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 Characins with Fangs
 Subfamily Cynodontidae: The latin translation for this name means "dog tooth".  It's particularly appropriate for these aggressive and fast piscivorous predators.    
   The huge pair of canines in the lower jaw is accommodated by two holes to receive them in the upper.  The huge pectoral fins aid in propelling these fish rapidly upward when attacking their prey.  Prey are stabbed by the canines and then swallowed hole.  These fanged monsters prefer elongate prey from 30 - 50% of their body length.   
Payara/Peixe Cachorro (Hydrolicus scomberoides) are a  ferocious migratory gamefish from the family Cynodontidae.  Think of them as a sort of Jurassic salmon.  They are built somewhat like a large Atlantic salmon and share a similar metallic silver sheen.  The mouth of the payara is what sets them apart from all other gamefish, as they sport an intimidating set of razor sharp fangs which protrude from the lower jaw like two glistening ivory framing nails. 
     Payara prefer to reside in extremely fast water and take both lures and flies with such savage force that one can easily rip the rod from your grasp if you are not paying close attention.  Once hooked, a large payara will effortlessly peel off 150-yards of line/backing despite a thirty-pound leader, strong drag and stiff rod.  Payara also make repeated salmon-style jumps, which adds to the fish’s allure.  Although payara receive much less press than peacock bass, many anglers rate them above peacocks in terms of both sheer strength, stamina and overall fighting ability (and that’s saying something!)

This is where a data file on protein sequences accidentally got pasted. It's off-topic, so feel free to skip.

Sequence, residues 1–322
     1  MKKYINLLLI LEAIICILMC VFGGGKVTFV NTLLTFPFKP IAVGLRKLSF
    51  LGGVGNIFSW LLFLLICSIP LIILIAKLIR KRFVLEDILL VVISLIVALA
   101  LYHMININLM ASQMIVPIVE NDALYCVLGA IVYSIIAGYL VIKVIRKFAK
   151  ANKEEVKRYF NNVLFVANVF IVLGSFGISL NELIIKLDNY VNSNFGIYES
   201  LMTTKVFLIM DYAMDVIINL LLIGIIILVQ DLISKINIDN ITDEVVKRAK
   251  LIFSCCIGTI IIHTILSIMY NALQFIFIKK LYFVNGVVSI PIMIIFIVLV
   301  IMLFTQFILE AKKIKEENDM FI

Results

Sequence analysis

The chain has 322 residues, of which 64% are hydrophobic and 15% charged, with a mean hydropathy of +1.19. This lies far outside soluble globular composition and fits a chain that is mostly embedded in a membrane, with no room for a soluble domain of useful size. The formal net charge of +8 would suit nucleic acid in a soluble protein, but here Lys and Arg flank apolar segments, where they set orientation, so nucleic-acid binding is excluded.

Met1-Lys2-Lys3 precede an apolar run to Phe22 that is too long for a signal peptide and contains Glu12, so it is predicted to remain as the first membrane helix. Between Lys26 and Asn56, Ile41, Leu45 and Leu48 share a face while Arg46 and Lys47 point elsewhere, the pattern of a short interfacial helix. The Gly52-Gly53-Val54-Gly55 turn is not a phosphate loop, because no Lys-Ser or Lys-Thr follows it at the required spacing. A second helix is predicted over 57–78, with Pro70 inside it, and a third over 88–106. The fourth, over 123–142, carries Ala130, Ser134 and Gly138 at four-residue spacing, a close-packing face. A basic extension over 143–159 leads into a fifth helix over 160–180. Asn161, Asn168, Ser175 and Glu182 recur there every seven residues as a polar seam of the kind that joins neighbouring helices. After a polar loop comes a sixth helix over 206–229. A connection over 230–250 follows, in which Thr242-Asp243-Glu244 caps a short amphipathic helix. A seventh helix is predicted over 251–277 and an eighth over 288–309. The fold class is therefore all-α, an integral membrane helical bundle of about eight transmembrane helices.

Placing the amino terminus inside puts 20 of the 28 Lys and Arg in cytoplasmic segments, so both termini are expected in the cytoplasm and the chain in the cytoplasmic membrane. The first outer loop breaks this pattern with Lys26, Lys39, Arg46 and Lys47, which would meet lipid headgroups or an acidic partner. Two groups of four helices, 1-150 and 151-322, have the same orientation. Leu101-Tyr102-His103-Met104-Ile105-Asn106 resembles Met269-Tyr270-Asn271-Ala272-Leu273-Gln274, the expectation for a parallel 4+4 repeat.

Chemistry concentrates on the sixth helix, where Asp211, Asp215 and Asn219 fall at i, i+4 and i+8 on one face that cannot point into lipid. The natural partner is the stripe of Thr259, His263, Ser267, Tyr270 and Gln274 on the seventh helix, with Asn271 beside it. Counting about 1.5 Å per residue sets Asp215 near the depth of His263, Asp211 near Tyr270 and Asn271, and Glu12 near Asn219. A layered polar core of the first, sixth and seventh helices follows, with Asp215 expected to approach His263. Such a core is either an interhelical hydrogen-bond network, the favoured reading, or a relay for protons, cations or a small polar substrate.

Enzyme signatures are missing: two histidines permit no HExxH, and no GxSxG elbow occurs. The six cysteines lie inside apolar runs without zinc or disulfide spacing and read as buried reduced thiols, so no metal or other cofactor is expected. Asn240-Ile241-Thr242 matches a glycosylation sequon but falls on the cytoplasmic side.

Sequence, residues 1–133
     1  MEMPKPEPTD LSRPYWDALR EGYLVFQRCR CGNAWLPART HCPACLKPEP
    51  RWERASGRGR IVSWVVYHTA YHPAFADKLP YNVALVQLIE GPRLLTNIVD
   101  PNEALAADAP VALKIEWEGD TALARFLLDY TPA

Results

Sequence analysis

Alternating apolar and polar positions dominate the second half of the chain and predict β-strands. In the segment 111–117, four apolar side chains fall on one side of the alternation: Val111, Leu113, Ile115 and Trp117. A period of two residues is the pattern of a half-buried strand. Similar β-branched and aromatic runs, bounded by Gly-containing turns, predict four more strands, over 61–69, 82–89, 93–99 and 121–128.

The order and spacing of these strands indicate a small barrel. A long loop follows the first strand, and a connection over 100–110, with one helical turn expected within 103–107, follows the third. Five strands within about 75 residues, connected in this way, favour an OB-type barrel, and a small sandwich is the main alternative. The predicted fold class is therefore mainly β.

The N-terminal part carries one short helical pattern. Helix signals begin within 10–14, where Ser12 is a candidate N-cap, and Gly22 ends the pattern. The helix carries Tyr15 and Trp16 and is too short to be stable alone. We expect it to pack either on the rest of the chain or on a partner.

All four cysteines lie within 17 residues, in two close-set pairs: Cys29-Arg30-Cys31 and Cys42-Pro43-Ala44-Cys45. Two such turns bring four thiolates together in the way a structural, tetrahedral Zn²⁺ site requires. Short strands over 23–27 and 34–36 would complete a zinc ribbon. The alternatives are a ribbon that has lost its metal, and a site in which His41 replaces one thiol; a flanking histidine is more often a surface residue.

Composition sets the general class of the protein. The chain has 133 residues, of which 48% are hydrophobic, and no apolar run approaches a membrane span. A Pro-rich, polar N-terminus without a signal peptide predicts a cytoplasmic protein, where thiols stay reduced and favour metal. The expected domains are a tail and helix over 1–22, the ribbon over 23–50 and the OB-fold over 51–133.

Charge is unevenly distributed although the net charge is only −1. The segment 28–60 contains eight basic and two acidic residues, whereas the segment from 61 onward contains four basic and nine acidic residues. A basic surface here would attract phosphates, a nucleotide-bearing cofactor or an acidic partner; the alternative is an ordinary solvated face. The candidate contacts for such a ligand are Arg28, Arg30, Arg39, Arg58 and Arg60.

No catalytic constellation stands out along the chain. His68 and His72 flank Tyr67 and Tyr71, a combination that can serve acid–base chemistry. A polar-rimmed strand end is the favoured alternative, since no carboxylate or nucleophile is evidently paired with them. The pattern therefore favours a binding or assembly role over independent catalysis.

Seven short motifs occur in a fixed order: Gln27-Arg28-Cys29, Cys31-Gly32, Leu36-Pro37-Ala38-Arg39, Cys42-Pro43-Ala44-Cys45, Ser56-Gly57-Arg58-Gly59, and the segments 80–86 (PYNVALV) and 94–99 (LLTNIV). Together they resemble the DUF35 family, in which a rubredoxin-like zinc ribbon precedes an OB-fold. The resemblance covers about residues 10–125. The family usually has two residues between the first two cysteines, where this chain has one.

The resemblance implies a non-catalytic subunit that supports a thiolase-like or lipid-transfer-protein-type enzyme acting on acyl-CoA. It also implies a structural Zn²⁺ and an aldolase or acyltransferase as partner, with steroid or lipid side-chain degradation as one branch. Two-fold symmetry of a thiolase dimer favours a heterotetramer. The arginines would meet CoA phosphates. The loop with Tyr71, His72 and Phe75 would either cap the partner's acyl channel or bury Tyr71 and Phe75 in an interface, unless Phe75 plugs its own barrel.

Conventional gear for payara is virtually the same as that mentioned in the trophy peacock bass and dorado sections (wire leader is essential).  Payara are usually not surface oriented fish, so big Rapalas, 7-inch jerk baits, Rat-L-Trap type lures, spoons and jigs are most productive. 
Similar to the above-mentioned dorado, payara are fished with a slightly heavier 9-10-weight fly rod and either a 300 or 400-grain, 24-foot sink tip line depending upon water conditions.  They can be fished with a full floating line, but only during extreme conditions as they prefer to reside in deep, fast current.  A heavy mono leader tipped with stout steel tippet is essential.  Payara take a variety of large streamers, but prefer heavily-dressed Cloussers and Muddlers tied on a 4/0 heavy saltwater tarpon hook. 
     Many smaller species of payara/peixe-cachorra (Hydrolicus and Rhaphiodon Sp.) are found throughout South America.  Although all are fast, vicious predators, most rarely exceed 5-pounds.  The best places to catch giant trophy payara are Uraima Falls, the Caura River and several sections of the Orinoco and Ventuari Rivers (all in Venezuela). 
Another World Class Fighter
Payara take the art of the fight to another level.  They combine some of the best characteristics known among fighting fish to provide an extraordinary angling experience.  Payara are extremely aggressive and  strike with intense power.  They peel off line in long fast runs.  And when all else fails, they hurl their huge, slablike bodies high into the air.  If these fish were commonly found in the same "small-water" conditions as peacock bass, they would rarely be landed. 
For more information about payara, see our payara home page. 

Rhaphiodon vulpinus, a smaller and more elongate relative of the payara is common in the slower lowland waters of the Amazon Basin.  Like its larger, fast-water cousin, it's a fast, fierce predator.  
 Readily taken on flies, they are a pugnacious light-tackle target. 

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